The research is comprised of three parts. The first part gives insight into the actual spatial situation of the different dance institutions in Amsterdam, including companies, production houses, and training centres. The collection of questionnaires handed out to the institutions are translated in diagrams which visualize the range of studio sizes but also the use of these spaces throughout the year, and what type of activities are carried out at what times of the day.
The second part is a comparative analysis of five existing European dance houses. It is the first time that this type of research about dance houses is done. Because the typology of dance houses is a very young phenomenon, there is almost no existing literature and certainly no comprehensive research had been done about the architectural aspect of it.
Interviews with the directors, users, and staff members, together with the analysis of the spaces and functions of these dance houses, as well as their sizes, spatial organisation, dealing with daylight, acoustics and the materialisation of the spaces, provided the knowledge needed in order to build up the functional and spatial requirements for a well-functioning dance house.
The third part of the research organises the spatial functions such as rehearsal, training and montage studio’s, changing rooms, offices, and a public foyer into two possible scenarios within the existing space of the factory building. Preserving the special qualities of the building and arranging the needed spaces in a ‘spatial choreography’ are the conditions that form the architectural basis for these concepts.
The feasibility study shows that using the existing building ‘envelope’ saves about six million Euros compared to constructing a new building. Included in the study is the research of five existing European dance houses in London, Düsseldorf, Oslo, Newcastle and Zürich. With this additional study LÖHMANN’S shows the valuable impact of a Dance House in fostering both local and national artistic development, as well as increasing the visibility of the dance discipline to public and educational institutions. Furthermore, the relatively informal and open character of a Dance House can contribute to creating a vibrant neighbourhood as well as to stimulating wide participation in the arts.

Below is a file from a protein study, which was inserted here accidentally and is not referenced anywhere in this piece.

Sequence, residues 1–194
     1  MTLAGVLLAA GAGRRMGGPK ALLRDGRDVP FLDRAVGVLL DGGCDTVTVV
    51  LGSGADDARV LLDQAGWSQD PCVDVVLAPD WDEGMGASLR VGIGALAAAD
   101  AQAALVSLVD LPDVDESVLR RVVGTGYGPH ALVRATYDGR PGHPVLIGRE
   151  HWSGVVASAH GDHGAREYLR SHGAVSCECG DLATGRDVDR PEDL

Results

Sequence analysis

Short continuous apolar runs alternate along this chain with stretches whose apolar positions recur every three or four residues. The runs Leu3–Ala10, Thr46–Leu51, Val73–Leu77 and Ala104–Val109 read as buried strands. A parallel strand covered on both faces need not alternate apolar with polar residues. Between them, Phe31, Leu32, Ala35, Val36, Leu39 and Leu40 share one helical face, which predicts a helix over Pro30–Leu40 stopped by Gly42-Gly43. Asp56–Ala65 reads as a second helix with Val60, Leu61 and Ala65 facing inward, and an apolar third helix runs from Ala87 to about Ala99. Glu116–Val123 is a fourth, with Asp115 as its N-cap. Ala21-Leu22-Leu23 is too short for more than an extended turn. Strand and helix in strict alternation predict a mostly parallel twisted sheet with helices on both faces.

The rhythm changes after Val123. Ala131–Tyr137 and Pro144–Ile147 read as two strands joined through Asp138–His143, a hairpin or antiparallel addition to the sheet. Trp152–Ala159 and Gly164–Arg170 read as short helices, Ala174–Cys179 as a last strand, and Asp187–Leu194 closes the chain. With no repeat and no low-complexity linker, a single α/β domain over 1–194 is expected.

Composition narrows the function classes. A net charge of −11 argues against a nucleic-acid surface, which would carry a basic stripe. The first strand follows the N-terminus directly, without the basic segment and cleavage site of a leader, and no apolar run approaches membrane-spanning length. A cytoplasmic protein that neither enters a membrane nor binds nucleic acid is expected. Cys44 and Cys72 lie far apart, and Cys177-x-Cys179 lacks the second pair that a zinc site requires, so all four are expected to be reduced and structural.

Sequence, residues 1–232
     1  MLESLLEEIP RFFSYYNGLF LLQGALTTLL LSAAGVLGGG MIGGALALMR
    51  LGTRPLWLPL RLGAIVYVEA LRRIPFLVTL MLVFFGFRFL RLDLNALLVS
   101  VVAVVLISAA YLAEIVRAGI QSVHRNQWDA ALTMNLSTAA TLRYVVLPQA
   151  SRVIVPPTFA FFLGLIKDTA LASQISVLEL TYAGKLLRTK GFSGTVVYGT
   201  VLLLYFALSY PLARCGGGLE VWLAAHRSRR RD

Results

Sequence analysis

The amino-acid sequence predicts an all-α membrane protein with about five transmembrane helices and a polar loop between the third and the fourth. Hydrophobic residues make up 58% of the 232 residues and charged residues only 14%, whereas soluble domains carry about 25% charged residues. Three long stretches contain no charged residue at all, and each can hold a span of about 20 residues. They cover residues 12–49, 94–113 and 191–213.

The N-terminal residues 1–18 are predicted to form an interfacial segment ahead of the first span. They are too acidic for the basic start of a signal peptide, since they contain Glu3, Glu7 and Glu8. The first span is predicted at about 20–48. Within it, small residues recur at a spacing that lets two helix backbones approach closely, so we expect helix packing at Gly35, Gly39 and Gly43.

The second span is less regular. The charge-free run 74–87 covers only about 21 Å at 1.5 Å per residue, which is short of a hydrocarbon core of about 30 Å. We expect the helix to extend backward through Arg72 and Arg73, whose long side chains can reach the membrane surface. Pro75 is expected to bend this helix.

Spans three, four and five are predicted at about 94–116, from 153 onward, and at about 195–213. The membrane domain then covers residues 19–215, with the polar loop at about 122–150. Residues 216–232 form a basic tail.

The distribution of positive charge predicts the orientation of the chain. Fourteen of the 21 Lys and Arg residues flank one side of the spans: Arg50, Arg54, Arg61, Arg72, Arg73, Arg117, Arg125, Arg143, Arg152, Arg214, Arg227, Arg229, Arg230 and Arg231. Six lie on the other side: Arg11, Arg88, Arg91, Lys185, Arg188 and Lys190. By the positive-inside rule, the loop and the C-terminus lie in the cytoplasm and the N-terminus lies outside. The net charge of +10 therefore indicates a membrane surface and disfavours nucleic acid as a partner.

The municipality of Amsterdam will decide at the end of 2012 about giving financial support to the initiative to establish a modest but upgradable Dance House Amsterdam in the factory hall on the IJ.
Website of the Amsterdam Dance House Foundation www.danshuis.nl
About LÖHMANN’S Architecture • Urban + Industrial Design
LÖHMANN’S Amsterdam was founded in 1997 by the German architect Heike Löhmann. Since then the office has realized a significant amount of high quality projects, often for creative and demanding clients with specific spatial requirements. The projects are distinguished by their spatial proportions, detailing, and for their elaborated choice and combination of materials.
LÖHMANN’S speciality is an integral approach to the interweaving of the various scales in a project.
LÖHMANN’S is particularly interested in projects that offer an opportunity to give an unexpected twist to a seemingly obvious way of conceiving and perceiving space. The ordinary is put in a new perspective with a well-considered and subtle use of architectonic means.
Dance House Amsterdam images / information from LÖHMANN’S Architecture • Urban + Industrial Design
Amsterdam Dance House Foundation Address:
Stichting Beheer Danshuis Amsterdam
p/a Kinkerstraat 140
1053 EG, Amsterdam
Location of the Amsterdam Dance House project: next to Gedempt Hamerkanaal 96, in 1021 KR Amsterdam (opposite of Motorkanaal 11-14)
Location:Gedempt Hamerkanaal 96, Amsterdam